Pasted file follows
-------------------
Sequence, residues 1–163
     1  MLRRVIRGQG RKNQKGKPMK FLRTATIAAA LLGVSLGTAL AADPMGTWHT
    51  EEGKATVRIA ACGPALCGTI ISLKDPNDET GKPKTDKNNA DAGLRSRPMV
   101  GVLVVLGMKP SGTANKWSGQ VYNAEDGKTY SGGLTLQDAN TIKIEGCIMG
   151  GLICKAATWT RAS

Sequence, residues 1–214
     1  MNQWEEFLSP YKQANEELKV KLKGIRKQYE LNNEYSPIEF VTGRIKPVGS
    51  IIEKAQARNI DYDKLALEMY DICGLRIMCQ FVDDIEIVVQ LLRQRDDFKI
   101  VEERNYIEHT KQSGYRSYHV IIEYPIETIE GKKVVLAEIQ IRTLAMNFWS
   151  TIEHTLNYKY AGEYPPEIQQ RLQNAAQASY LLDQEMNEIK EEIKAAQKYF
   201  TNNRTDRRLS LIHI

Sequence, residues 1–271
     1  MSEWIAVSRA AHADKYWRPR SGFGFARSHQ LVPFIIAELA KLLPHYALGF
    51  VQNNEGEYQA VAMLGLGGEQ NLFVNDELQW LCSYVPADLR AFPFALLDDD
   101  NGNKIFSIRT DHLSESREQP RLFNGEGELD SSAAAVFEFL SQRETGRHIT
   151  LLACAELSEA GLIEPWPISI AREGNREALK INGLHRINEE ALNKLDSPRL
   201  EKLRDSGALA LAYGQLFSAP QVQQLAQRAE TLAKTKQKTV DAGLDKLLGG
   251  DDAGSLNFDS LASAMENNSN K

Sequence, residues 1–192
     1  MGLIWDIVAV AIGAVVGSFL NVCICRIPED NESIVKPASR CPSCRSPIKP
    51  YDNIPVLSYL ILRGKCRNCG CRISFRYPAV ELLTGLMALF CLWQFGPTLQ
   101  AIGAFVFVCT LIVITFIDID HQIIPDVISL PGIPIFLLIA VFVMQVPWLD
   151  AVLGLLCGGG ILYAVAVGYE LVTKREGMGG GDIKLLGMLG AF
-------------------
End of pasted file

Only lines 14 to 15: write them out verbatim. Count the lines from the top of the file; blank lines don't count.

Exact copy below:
    51  VQNNEGEYQA VAMLGLGGEQ NLFVNDELQW LCSYVPADLR AFPFALLDDD
   101  NGNKIFSIRT DHLSESREQP RLFNGEGELD SSAAAVFEFL SQRETGRHIT